22 October 2004: In the Military I case, the Prosecution rests its case against four former military commanders charged with genocide, crimes against humanity and serious violations of Article 3 common to the Geneva Conventions and Additional Protocol II. The defense is scheduled to commence on 12 January 2005.

22 October 2004: In the Butare case, the prosecution rests. The defense will commence on 31 January 2005.

21 October 2004: In the Military II case, trial is adjourned until January 2005 due to changes in defense counsel.

14 October 2004: Bosco Nyemazi, a prosecution witness who gave evidence at the ICTR against Colonel Aloys Simba, is assassinated upon his return to Rwanda.

27 September 2004: In the Seromba case, the trial begins with all parties present for the first time since the trial began on September 20, 2004. Seromba had refused to attend the first three days of his trial in solidarity with other defendants protesting the possible transfer of some cases to Rwanda.

25 September 2004: The boycott by ICTR detainees to protest the possible relocation of some trials to Rwanda ends following an announcement by Tribunal President Erik Mose that no official decisions have been made regarding the transfer of either convicted persons or trials to Rwanda.

23 September 2004: In the Military II case, the former Rwandan army chief-of-staff and former chief of the Gendarmerie end a three-day boycott of proceedings in protest over the Tribunal's alleged lack of impartiality. The defendants had earlier informed the Tribunal that they would not appear if the prosecutor did not indict members of the Rwandese Patriotic Front (RPF) for war crimes.

22 September 2004: The Rwandan government and the ICTR finalize modalities for the transfer of some convicts to Rwanda to serve their sentences in that country. Rwandan officials hope that they will soon receive approval from the U.N. Secretary-General to make Rwanda the sixth country to enforce ICTR sentences.

21 September 2004: In the Seromba case, presiding Judge Andresia Vaz (Senegal) orders the defense to continue to represent Father Athanese Seromba, despite his instructions to participate in a boycott of Tribunal proceedings.

20 September 2004: In the Seromba case, the trial opens without the defendant. Seromba and 43 other ICTR detainees are boycotting Tribunal proceedings for three days to protest the arrival of a Rwandan delegation at the ICTR for talks on the possible transfer of convicted persons to Rwanda.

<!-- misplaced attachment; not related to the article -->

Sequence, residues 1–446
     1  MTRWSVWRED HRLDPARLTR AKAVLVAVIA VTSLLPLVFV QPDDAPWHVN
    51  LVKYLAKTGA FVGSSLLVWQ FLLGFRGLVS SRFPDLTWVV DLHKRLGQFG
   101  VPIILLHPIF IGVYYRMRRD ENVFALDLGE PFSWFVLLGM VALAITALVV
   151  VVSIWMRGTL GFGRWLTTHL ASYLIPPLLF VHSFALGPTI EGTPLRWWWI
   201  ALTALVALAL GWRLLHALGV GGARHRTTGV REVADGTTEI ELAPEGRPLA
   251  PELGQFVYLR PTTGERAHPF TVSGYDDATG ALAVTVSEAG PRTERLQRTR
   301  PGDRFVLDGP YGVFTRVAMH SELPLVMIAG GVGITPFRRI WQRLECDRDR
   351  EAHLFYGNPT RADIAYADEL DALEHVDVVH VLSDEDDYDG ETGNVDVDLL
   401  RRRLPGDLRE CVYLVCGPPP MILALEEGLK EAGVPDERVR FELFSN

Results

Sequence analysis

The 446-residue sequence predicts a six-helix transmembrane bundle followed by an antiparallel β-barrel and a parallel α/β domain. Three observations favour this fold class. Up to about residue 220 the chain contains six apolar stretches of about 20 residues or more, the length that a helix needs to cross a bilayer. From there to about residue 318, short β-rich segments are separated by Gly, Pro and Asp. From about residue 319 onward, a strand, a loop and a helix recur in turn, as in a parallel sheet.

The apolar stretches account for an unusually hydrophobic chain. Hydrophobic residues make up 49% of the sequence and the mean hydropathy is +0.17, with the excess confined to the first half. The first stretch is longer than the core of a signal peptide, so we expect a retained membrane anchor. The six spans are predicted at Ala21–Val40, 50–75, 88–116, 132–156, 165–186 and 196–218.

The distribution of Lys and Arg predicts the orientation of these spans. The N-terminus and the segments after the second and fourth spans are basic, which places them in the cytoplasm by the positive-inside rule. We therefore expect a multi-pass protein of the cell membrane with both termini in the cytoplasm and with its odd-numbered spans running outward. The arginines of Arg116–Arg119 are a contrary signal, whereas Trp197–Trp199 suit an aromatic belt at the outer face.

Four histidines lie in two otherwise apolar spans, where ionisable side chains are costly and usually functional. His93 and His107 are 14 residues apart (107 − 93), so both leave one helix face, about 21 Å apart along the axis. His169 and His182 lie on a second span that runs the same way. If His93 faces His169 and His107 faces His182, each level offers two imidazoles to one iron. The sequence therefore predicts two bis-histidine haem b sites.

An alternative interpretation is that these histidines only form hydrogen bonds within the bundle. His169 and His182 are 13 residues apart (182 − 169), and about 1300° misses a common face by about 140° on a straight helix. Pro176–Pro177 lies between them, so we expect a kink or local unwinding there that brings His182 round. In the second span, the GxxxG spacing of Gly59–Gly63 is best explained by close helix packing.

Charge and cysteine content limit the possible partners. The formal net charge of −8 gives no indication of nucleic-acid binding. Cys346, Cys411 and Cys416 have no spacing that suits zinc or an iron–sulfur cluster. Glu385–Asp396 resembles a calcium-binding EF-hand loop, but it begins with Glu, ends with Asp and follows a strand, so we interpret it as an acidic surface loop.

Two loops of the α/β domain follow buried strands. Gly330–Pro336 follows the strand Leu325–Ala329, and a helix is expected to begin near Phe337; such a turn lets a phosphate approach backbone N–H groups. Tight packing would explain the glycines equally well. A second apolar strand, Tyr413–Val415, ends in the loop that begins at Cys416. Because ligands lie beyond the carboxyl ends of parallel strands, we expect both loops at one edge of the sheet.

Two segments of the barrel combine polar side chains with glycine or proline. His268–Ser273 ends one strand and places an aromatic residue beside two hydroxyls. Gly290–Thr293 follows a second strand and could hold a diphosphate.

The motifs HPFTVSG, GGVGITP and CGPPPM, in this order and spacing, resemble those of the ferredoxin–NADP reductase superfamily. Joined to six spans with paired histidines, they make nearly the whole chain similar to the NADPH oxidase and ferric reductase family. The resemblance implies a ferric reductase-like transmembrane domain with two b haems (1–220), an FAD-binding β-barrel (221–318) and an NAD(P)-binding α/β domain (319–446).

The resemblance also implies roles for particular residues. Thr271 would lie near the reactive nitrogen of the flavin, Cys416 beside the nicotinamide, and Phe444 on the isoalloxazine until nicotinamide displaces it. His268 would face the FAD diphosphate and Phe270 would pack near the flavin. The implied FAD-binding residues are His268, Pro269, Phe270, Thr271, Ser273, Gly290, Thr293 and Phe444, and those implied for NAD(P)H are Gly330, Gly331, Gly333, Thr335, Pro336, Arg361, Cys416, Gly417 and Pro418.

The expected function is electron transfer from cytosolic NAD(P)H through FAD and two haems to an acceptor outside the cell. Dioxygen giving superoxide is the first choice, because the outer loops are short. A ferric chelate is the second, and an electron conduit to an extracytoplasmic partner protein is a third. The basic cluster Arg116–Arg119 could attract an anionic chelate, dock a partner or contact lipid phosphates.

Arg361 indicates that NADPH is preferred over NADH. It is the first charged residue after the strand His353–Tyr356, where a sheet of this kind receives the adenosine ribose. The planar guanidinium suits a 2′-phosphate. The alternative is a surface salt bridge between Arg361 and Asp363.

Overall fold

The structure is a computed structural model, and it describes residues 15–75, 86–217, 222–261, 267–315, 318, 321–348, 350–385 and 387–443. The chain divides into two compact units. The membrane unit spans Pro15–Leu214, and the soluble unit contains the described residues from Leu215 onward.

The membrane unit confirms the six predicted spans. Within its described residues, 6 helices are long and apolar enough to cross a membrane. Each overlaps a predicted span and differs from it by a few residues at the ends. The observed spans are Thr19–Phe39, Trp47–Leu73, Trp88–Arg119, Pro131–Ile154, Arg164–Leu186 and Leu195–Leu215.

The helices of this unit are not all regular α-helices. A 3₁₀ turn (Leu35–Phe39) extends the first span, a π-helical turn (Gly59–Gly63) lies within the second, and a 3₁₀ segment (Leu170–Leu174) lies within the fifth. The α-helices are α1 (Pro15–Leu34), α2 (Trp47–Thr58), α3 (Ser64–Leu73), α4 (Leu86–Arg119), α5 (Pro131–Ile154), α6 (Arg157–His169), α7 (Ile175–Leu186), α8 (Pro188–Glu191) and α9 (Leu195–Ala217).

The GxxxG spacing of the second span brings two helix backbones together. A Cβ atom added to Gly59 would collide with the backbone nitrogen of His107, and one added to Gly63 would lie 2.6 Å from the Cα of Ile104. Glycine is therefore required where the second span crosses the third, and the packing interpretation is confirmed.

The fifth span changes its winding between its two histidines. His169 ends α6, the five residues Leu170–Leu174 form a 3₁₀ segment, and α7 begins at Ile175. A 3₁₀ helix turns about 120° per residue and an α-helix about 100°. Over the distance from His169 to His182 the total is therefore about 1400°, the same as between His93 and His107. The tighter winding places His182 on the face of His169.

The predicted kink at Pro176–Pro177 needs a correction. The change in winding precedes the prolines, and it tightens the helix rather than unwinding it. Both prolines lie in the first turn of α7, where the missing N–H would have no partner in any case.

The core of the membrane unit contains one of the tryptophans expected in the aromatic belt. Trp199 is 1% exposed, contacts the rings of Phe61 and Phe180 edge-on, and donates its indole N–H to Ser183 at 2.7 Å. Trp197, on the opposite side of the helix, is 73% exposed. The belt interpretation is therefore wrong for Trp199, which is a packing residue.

16 September 2004: ICTR President Judge Erik Mose (Norway) warns that inadequate funding could prevent the tribunal from meeting the 2008 target for completion of trials set by the UN Security Council.

14 September 2004: In the Butare case, the trial resumes after a six-week break. The prosecution expects to finish its case by the end of the month.

13 August 2004: ICTR Chief Prosecutor Hassan Jallow announces that at least 40 cases involving both ICTR indictess currently in custody and some still at large will be transferred to Rwandan national courts in early 2005. Also, some individuals convicted by the ICTR will be transferred to Rwandan prisons to begin serving their sentences sometime next year.

3 August 2004: The UN Secretary-General appoints Sri Lankan Judge Joseph Asoka Nihal de Silva as a permanent judge of the ICTR to replace Judge Asoka de Zoysa Gunawardana, also of Sri Lanka, who resigned due to health reasons. De Silva's term will expire in 2007.

30 July 2004: Belgium has arrested and will try Ephrem Nkezabera, a senior member of the Interahamwe. Nkezabera has not yet been indicted by the ICTR, and the ICTR prosecutor's office requested Belgium prosecute him.

22 July 2004: In the Kanyarukiga case, Gaspard Kanyarukiga pleads not guilty to all four counts of his indictment: genocide, conspiracy to commit genocide, complicity in genocide and one count of crimes against humanity (extermination).

19 July 2004: Gaspard Kanyarukiga is transferred to ICTR detention in Arusha, Tanzania. Kanyarukiga was arrested in South Africa earlier in the week. He was indicted in 2001 for genocide, conspiracy to commit genocide, complicity in genocide and one count of crimes against humanity (extermination) and has been on the run ever since.